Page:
UBC Theses and Dissertations
NIRS analysis of intact grass silage and fresh grass for the prediction of dry matter, crude protein and acid detergent fibre Kennedy, Carol Ann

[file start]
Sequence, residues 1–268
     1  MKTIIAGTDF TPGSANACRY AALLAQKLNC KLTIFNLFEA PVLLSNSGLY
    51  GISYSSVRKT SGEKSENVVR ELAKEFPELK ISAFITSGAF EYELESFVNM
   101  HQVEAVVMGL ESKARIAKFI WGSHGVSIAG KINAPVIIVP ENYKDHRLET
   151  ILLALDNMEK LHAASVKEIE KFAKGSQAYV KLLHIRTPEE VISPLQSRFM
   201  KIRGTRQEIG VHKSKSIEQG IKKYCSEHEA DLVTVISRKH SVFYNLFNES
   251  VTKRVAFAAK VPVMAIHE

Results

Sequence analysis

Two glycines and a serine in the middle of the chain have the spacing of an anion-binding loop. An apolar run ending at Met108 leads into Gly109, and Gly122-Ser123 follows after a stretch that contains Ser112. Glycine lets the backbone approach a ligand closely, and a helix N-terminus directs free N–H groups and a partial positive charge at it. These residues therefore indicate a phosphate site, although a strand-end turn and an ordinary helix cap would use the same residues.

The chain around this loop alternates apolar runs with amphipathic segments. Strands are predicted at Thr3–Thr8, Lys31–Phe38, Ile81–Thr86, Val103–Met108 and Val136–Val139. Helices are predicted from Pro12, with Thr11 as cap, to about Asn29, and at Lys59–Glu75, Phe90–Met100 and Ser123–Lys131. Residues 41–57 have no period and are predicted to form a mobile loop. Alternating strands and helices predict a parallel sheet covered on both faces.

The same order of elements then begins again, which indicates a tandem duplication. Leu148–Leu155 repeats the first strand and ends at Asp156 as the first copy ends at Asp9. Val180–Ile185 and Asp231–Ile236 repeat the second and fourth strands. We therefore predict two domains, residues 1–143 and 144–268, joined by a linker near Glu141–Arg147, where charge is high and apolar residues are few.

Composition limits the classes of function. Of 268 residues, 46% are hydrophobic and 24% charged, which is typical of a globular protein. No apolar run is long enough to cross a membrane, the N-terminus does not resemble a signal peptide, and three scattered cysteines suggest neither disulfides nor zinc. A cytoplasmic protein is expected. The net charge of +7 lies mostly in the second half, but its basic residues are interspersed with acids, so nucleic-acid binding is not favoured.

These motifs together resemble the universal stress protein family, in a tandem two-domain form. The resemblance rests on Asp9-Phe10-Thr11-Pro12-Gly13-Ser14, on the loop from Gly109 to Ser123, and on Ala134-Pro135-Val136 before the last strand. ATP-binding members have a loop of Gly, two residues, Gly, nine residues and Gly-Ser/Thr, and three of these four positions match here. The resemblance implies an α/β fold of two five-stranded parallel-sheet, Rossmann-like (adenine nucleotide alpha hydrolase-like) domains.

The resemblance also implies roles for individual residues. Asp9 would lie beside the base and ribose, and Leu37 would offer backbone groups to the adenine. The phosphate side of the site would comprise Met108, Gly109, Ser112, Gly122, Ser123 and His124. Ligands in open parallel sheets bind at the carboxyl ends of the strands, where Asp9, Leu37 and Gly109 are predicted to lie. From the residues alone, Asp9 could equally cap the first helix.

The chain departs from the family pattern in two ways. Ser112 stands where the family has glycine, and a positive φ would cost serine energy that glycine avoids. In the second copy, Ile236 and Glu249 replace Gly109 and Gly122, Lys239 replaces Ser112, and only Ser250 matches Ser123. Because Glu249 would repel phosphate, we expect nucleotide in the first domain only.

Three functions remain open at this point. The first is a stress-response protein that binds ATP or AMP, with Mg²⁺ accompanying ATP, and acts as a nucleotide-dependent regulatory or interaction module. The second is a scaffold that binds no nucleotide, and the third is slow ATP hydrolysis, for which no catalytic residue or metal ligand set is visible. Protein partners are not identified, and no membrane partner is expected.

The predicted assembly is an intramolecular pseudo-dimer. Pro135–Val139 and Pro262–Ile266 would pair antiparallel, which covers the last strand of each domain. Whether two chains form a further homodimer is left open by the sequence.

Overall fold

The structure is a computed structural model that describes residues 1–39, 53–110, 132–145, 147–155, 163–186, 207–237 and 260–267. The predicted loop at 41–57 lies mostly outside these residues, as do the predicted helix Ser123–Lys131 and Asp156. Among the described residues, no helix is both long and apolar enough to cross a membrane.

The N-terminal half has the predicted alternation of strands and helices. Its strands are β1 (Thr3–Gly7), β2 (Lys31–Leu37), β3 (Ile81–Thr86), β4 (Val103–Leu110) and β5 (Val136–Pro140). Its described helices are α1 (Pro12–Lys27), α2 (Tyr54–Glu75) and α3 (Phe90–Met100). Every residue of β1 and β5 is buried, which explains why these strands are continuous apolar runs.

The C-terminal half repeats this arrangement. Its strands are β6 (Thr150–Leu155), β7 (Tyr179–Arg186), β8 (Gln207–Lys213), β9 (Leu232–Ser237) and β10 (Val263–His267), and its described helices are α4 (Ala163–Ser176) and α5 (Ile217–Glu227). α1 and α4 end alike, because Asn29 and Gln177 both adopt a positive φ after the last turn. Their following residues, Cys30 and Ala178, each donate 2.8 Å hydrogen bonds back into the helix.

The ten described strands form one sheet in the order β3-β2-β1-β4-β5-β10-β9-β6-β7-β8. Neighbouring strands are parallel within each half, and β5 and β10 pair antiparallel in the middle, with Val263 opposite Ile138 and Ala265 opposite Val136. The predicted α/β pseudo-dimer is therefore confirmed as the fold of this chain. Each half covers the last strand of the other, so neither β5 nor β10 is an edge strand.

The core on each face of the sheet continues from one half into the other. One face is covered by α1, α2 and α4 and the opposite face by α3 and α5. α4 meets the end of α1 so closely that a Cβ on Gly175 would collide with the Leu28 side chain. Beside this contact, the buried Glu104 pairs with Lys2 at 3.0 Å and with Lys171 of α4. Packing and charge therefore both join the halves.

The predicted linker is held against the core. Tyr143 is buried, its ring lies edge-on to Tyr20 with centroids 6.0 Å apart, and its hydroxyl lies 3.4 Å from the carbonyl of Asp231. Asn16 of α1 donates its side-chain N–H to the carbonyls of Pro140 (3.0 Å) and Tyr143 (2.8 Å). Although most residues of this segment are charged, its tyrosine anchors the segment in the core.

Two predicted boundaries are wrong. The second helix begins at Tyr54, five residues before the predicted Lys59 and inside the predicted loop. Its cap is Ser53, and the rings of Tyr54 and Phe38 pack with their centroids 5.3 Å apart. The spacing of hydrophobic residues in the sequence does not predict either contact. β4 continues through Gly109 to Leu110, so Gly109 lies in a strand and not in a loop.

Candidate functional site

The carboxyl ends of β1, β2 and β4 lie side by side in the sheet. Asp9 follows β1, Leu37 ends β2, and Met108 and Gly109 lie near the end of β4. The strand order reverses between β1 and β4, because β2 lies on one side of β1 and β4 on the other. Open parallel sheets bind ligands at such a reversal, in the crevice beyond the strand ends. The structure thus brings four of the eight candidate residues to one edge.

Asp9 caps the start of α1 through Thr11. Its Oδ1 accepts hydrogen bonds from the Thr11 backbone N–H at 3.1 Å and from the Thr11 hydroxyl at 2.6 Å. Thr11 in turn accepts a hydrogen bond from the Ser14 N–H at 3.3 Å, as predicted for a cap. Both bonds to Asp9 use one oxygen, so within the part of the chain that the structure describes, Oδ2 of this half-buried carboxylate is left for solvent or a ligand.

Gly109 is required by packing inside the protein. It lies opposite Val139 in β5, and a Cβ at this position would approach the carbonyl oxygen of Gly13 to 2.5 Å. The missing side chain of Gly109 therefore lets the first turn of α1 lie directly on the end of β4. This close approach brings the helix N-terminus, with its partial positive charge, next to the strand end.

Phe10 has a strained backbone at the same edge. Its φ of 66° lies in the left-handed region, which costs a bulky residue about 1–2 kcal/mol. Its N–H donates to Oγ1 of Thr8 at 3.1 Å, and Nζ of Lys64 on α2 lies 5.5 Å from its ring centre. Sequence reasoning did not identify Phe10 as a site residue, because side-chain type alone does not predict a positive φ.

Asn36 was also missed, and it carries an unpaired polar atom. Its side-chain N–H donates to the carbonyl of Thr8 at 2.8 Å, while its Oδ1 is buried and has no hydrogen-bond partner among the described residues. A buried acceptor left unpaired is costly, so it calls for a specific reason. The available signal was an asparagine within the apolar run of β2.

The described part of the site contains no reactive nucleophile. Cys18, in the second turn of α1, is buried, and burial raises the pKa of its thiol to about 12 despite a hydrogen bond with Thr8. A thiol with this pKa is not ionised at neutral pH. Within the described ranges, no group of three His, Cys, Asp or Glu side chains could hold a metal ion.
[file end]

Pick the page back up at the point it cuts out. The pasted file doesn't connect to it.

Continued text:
Diverse fresh grass and grass silage samples (n = 292) were collected from 138 dairy farms in southwestern British Columbia, Canada. Sources of variation within the forage sample population included different crop years, harvests, grass species, ensiling additives and storage facilities. These samples were used to determine the accuracy of near infrared reflectance spectroscopy (MRS) for predicting the feeding value of undried, unground fresh grass and grass silage. NIRS spectra were collected from intact samples with a NIRSystems 6500 scanning monochromator instrument followed by analyses for dry matter (DM), crude protein (CP), acid detergent fibre (ADF), and fermentation end-products (lactic, acetic, propionic, isobutyric, butyric, isovaleric, and valeric acids) by conventional chemical laboratory procedures. The means and standard deviations of the sample population were 34.7 and 13.0% for DM, 17.1 and 3.5% for CP, and 34.3 and 3.9% for ADF when corrected to a moisture-free basis. The calibration set (n =216) was selected by spectral variation using the "neighbourhood Ff" method and the spectral duplicates were assigned to the validation set (n = 67). Prediction equations were developed with modified partial least square regression and cross validation utilizing different scatter treatments, derivatives and wavelength segments. The calibration R2 and standard errors of cross validation (SECV) for DM, CP, and ADF corrected to a moisture-free basis were 1.00 and 1.15%, 0.95 and 1.05%, and 0.95 and 1.16%, respectively. Standard errors of performance (SEP), means, and coefficients of variability (SEP* 100 ⌯ mean) for the validation set were 0.73, 27.2 and 2.69% for DM, 0.79, 15.7 and 5.03% for CP, and 0.95, 34.5 and 2.75% for ADF. The errors associated with the equations developed for the short chain organic acids were unacceptably high. Prediction equations were also developed on reference values calculated on an "as received" basis. Different procedures for calibration and validation set selection were compared with no one common method producing the lowest error on all constituents. It was concluded that the NIRS prediction equation for DM produced excellent accuracy as indicated by the low SECV and SEP. The prediction equations for CP and ADF had acceptable accuracy for monitoring forage nutrient quality for livestock ration balancing programs. The NIRS method of analysis will provide forage quality information faster and at a reduced cost compared to conventional chemical procedures.
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